25 June 2013
Robert Simmon of the Earth Observatory at NASA has very kindly made two Landsat 8 satellite images available to me of the Kedarnath area,, affected by exceptionally heavy rainfall ten days ago. The first was taken on 22nd May 2013 – i.e. before the debris flow – whilst the second was collected on Sunday (23rd June). They are both 15 m resolution, so are very helpful. I should also note that this is the first time that I have used Landsat 8, which was only commissioned last month.
This is the image before the event:
And this is the image afterwards:
One obvious difference is the amount of snow across the landscape – of course we can just ignore this. It is also helpful to take a look at the Bing image, which was taken in the summer months but much earlier than either of these two:
The area of real interest is the zone around and upstream of the Kedarnath temple. This is a zoom into the Landsat 8 image before the disaster:
And this is after the disaster:
There are some dramatic changes. One is that on the post-disaster image the town has almost disappeared. Another is that all of the channels now have fresh sediment in their beds. Although the resolution makes interpreting the processes quite difficult, enough is visible here to get a pretty good idea of what has gone on. First, it doesn’t appear that there has been a mass flow down either glacier. It does appear that on the western glacier, there has been mobilisation of moraine at the end of the ice flow, and that this debris struck the town. I have put the two images of this area side by side below; the northern edge of the town is on the lower portion of the images, just to the right of centre:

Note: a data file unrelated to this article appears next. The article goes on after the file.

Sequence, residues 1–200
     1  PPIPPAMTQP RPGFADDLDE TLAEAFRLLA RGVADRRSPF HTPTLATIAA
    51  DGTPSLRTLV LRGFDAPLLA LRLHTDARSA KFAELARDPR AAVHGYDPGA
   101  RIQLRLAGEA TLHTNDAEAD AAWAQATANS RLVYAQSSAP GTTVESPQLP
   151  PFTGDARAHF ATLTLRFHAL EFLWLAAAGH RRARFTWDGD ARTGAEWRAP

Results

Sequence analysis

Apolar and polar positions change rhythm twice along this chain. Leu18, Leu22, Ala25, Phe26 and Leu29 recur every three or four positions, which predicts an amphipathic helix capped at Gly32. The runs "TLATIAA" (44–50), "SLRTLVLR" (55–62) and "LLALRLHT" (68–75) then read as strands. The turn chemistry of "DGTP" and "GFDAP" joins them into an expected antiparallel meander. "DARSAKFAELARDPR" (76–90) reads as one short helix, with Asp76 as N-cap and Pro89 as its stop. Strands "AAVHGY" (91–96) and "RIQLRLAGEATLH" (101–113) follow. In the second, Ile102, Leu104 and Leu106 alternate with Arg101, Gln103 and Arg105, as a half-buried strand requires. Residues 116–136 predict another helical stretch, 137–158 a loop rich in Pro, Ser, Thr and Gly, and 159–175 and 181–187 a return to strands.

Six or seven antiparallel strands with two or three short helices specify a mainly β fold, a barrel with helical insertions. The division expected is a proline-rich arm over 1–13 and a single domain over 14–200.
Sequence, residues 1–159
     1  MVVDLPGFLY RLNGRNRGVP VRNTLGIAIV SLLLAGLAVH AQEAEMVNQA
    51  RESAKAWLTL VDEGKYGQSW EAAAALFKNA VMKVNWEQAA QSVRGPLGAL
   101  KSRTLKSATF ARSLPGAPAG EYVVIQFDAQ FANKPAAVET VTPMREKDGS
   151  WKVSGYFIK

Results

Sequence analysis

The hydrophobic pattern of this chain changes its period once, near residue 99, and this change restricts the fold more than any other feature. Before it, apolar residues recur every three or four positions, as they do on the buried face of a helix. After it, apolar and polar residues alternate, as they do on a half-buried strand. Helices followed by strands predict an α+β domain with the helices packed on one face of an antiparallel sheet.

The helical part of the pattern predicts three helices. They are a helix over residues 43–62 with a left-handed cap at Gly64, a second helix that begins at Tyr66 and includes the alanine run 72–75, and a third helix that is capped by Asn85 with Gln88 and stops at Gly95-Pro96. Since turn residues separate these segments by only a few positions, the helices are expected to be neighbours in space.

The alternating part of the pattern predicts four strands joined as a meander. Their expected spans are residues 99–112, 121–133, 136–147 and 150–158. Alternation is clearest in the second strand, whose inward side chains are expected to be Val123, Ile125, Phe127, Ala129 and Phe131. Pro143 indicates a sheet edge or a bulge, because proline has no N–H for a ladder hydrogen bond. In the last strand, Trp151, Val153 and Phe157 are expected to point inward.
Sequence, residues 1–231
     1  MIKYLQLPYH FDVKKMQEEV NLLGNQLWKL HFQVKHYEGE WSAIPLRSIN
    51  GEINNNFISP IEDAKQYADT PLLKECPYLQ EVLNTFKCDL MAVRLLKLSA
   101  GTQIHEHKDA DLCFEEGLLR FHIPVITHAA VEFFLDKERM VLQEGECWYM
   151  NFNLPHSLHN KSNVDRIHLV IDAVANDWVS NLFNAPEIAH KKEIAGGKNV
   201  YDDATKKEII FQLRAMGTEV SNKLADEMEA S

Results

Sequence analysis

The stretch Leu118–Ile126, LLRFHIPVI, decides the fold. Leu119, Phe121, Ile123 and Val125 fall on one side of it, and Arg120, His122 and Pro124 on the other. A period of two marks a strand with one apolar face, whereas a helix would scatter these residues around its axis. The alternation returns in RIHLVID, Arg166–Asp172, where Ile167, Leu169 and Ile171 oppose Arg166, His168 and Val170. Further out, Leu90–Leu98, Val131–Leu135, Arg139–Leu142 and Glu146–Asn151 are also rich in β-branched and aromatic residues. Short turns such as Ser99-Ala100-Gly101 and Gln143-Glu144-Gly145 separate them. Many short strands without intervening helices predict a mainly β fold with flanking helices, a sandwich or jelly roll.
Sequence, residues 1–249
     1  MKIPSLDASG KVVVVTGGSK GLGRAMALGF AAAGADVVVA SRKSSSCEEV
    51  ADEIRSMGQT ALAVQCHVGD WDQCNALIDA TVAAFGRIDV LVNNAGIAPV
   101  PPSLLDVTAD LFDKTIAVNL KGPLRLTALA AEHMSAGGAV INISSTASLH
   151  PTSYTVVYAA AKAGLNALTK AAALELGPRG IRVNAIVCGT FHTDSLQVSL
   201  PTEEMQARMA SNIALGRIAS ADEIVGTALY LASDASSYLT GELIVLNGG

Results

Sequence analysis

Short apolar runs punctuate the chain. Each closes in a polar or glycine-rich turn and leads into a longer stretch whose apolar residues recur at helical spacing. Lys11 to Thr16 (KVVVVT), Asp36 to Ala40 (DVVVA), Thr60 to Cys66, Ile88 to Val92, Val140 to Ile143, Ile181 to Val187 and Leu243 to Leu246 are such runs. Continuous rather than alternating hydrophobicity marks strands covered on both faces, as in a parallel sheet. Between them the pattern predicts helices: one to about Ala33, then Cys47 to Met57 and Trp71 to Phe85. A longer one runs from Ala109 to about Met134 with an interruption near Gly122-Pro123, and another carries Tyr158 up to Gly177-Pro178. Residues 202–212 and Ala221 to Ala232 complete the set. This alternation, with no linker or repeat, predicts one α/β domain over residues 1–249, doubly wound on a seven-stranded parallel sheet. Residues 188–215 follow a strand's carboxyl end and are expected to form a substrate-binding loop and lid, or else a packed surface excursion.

It looks to me as if a large amount of sediment in this region failed and transitioned into a debris flow that then ran down slope into the town. However, this is not all. On the other side of the valley we see this feature, again shown in the pre- and post-disaster images:
In this case it appears that there is a large area of erosion, or even a landslide, right up the valley side. This has also transitioned into a debris flow that has struck the town – indeed if you look at the location of the town on the left image, it appears that much of the damage may have been from this flow. This is the same area on the high resolution Bing image:
The source area of the erosion / landslide is visible, but it is nothing like as active as it was in the disaster. The route through which the debris from this slide was able to strike the town is clearly evident.
Note also that there was very active erosion in all of the other gulleys, but these do not seem to have been responsible for the disaster.
So, in conclusion, I suggest that the town was struck by debris flows from both the east and the west valleys (see here for my earlier speculation on this). On the west side the main issue seems to have been failure and mobilisation of glacial sediment; on the east side it was active erosion of slope materials. Faced with this sort of onslaught, the town stood little chance.
Comments and thoughts very welcome.